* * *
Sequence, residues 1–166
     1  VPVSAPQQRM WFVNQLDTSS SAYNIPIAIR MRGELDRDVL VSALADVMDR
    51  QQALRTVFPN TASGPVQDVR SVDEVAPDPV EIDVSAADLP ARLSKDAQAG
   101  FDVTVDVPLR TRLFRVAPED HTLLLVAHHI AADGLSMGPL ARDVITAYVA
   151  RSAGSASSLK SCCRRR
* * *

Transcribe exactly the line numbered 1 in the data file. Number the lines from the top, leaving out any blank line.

Sequence, residues 1–166